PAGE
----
Tuesday, July 05, 2005


I see, through the plexiglass, Alberta promenading toward the shop, at her typical glacial pace; Alberta is slooooow. She finally dawdles through the doorway, ringing the little cat-bell chime and, Pavlovian, invoking a certain discomfort for me. I look at her, with the usual mix of pity and antipathy.

Alberta's about 5'4, with wispy, greasy brown hair. She's missing several teeth, with those brown, rotten remainders announcing why the others chose to vacate. She's only 44, but has the body of a woman 20 years older: slack, sallow skin, no muscle tone, plenty of fat. Her most distinguishing feature is those wild, twitchy, pale eyes, shrieking of madness and desperation.

Alberta's a crackhead. Her addiction, if I can blame it, has wiped out whatever intelligence or personality she may have once had. Now she's just need--penetrating, all-encompassing need. High-maintenance on a stick.

"Hi Alberta," I sigh, as she comes in. If an eye-roll could be embodied in voice, that would be the tone I'm aiming for.

"Hi. What's your name again?"

I tell her, for the 400th time. I could just as easily make up a new one on each occasion, for all the good it's going to do helping her remember. She's just not all there anymore.

Alberta washes dishes for a living, although I'm hard-pressed to see how anyone who moves so slowly can keep up with a busy lunch crowd. Yet I realize that it's good that she's still employable, and that someone else besides me, you, and Uncle Sam are footing the bill for her fitty-rocks. But I also know that dishwashing wages can't support a crack habit, and hence am impelled to wonder what unspeakable things she's done and had done to her to finance her hobby. I want, in the depths of my heart, to believe that no self-respecting drug dealer would accept sexual favors from Alberta in exchange for product, but that idea is about as intellectually fecund as the notion of a self-repecting drug dealer. I'm quite sure that I could kick in any door at the Glen and bust the latter out, passing the pipe and acetylene torch around with Santa Claus and the Easter Bunny, as the old joke goes. That very idea makes me think in the terms of another writer: How beauteous mankind is! O brave new world, that has such people in it!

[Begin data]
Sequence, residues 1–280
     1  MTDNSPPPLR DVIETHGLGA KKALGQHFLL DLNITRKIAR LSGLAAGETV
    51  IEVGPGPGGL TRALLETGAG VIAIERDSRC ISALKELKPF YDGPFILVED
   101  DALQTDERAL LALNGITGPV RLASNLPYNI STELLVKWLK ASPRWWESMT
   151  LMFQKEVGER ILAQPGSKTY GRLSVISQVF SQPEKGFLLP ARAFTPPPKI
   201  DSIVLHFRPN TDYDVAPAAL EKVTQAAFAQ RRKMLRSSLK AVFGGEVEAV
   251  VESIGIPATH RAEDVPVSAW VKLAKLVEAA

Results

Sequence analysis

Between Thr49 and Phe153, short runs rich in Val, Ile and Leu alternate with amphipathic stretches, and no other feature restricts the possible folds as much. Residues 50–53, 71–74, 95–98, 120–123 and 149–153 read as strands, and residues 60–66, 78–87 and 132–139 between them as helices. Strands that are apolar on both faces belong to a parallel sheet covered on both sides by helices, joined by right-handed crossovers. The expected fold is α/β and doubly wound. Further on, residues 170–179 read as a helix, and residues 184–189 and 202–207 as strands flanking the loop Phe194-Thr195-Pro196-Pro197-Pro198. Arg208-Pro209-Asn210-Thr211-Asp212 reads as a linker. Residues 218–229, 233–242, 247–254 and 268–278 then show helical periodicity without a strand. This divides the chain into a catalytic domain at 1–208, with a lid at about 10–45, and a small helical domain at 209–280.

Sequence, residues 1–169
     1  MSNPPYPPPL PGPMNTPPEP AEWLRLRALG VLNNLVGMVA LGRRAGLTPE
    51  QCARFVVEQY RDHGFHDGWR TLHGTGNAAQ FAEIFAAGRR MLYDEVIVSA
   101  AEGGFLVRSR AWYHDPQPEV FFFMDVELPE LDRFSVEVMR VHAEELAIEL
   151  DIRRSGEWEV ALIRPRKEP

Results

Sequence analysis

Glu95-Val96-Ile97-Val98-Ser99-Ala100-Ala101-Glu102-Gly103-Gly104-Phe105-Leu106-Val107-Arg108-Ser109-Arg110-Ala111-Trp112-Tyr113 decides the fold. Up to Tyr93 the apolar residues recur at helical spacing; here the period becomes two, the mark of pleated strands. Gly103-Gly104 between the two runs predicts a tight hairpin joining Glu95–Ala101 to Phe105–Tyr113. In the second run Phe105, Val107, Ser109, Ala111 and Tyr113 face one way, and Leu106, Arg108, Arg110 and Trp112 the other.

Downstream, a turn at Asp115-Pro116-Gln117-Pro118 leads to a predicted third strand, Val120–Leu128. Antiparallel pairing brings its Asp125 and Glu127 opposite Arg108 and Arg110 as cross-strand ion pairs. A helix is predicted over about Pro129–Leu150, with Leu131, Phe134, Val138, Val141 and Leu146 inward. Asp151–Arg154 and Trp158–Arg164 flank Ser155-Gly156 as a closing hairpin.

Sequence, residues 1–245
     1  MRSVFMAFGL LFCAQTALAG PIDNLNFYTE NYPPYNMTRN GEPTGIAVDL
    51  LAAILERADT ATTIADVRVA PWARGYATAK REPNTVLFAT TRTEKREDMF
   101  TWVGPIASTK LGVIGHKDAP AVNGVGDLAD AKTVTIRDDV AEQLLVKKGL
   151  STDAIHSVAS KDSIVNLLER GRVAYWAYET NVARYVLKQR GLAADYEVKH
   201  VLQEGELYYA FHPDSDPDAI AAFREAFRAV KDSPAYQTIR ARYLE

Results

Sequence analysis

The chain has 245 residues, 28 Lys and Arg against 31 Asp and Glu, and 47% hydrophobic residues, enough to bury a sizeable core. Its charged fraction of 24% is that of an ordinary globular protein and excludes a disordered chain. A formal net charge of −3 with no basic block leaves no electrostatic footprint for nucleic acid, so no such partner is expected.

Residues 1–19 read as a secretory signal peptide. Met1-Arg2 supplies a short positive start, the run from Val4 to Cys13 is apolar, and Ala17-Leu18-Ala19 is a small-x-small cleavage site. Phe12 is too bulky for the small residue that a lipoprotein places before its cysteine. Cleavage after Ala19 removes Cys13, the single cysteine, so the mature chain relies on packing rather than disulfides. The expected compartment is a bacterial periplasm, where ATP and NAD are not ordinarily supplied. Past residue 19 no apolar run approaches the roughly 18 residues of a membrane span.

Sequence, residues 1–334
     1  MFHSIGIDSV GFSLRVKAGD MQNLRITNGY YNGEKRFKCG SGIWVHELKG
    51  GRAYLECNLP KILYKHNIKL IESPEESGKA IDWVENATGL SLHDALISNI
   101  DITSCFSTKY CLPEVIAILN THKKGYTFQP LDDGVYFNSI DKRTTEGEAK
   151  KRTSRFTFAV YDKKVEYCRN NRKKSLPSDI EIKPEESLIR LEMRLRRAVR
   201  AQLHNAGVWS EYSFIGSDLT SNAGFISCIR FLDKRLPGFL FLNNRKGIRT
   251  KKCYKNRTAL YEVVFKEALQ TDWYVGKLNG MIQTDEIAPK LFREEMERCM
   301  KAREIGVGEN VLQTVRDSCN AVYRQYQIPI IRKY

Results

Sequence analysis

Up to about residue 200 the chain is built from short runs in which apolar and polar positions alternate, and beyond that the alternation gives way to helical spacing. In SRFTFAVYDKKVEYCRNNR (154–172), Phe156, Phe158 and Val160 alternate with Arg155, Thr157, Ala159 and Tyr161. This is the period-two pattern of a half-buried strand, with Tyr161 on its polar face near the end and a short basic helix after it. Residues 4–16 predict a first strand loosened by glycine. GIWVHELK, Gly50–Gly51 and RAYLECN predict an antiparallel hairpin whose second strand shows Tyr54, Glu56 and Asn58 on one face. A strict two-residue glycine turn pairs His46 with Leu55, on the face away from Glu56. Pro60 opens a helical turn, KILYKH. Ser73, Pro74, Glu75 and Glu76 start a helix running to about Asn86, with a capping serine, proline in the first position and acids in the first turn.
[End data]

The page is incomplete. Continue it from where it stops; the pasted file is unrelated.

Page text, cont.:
But I don't dare judge Alberta. Her desire is simple; she likes crack. Everybody wants something, and are often, or usually, willing to prostitute themselves for it. All those who work slavishly to bring about their desires, whatever they may be, are, on some significant level, whores. Alberta is just the refreshing kind of harlot that doesn't bother to feel superior to other whores; she knows what she is.

Eventually Alberta comes to my counter and pays for her stuff. Her bill for the soda and roll of toilet paper she's getting today amounts to $1.66. She does her standard two-minute fumbling about with her wallet after I announce the tally, holding up the growing line behind her. I take her money, give her her change, and then gently push her aside with the left hand so I can deal with the other customers while she takes another two minutes to put her money away. "Alberta, step aside, please" is what I say, in dispassionate monotone.

"Wow, you sound like a cop when you say that," she replies, without a hint of sarcasm.

My quickish retort is, "gosh, Alberta, how would you know that?" It's not the best comeback ever, but it does successfully mute her. She's obviously been part of some canned, unreleased, COPS episode. If not, she should certainly audition.

Weirdly, Alberta's never bothered by the fact that she's just been herded aside like cattle. My brusque demeanor doesn't hurt her feelings, even if it embarasses her slightly, because she has no feelings left to hurt. It's the crackhead's version of enlightenment: she's sunk to a point where she just doesn't care, and so it's difficult for me to offend her. It's liberation of the ego via narcotics; I suspect that whatever Universal Ultimate monitors and governs Alberta's destiny might almost approve.

Yet, ultimately, I prefer Alberta's brand of self-sale, if proffered the option between hers and that of her putative social betters--hers is utterly devoid of arrogance or pretension. That her idea of happiness doesn't seek to belittle, demean, or displace others is, in fact, rather uncommon. That's a complement I can't extend to too many people. So I feel a certain sympathy for, and almost an affinity with, Alberta. Her powelessness grants her the freedom to do what she likes, reputation and consequences be damned. Her dismissal by society as worthless is, in a unique logical contortion, a quality nearly to be admired, and perhaps even envied. Most of us have to worry about the choices we make; Alberta can be whatever she wants to be, because nobody cares about the people who choose to be forlorn junkies.

There are, of course, plenty of Albertas where I work, and each one has a story, a history, that can teach me things about paths better left unchosen. So I don't look at the alcoholics, the pot-fiends, the crackheads that come before me each and every shift with the summary dismissal that most people grant them. I have developed, without consent and perhaps even against my will, a quasi-paternal affection for them, that transcends the reality of how much they irritate me by being unwashed, unmannered and unlettered distractions from whatever I may be trying to clean or stock when they darken my doorstep. As Alberta, just before leaving, was pulling another of her favorite tricks, requesting for me to combine all of her dimes and nickles into quarters after I'd moved her aside and was trying to process the line she had caused, another quote in reference to her, from that guy I mentioned above came to mind:

This thing of darkness, I acknowledge mine.